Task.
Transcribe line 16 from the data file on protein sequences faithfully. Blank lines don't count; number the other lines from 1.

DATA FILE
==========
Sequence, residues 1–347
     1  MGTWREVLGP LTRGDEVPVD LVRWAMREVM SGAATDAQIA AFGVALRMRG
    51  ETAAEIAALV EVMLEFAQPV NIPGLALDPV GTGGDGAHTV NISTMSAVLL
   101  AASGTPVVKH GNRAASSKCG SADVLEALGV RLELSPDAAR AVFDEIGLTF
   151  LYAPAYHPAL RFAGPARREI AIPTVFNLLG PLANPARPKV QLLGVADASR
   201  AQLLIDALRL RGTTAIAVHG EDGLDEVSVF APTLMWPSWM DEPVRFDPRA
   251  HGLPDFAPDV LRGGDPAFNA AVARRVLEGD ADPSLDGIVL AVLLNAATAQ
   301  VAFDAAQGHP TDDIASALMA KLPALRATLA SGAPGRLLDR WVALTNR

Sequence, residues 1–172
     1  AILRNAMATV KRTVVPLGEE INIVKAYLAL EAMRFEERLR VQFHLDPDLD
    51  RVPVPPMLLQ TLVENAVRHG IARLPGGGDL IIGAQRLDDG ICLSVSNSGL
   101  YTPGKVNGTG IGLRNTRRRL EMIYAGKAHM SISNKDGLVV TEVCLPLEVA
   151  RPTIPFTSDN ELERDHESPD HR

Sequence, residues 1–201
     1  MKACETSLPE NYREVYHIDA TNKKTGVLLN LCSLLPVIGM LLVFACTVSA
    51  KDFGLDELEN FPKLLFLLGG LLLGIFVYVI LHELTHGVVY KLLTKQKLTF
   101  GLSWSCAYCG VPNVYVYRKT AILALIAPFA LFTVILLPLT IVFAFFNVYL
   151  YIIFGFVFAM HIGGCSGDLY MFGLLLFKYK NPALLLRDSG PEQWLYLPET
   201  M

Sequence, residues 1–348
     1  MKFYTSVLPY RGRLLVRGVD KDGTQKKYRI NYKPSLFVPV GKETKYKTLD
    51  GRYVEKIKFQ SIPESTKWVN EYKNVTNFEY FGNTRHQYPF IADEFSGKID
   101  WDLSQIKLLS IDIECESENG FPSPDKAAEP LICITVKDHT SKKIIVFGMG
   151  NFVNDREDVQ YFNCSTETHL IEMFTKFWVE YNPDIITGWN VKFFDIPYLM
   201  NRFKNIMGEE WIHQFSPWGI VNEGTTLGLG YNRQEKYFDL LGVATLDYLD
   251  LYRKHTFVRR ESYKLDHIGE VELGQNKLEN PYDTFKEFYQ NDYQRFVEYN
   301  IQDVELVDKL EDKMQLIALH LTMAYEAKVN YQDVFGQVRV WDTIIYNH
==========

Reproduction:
    51  KDFGLDELEN FPKLLFLLGG LLLGIFVYVI LHELTHGVVY KLLTKQKLTF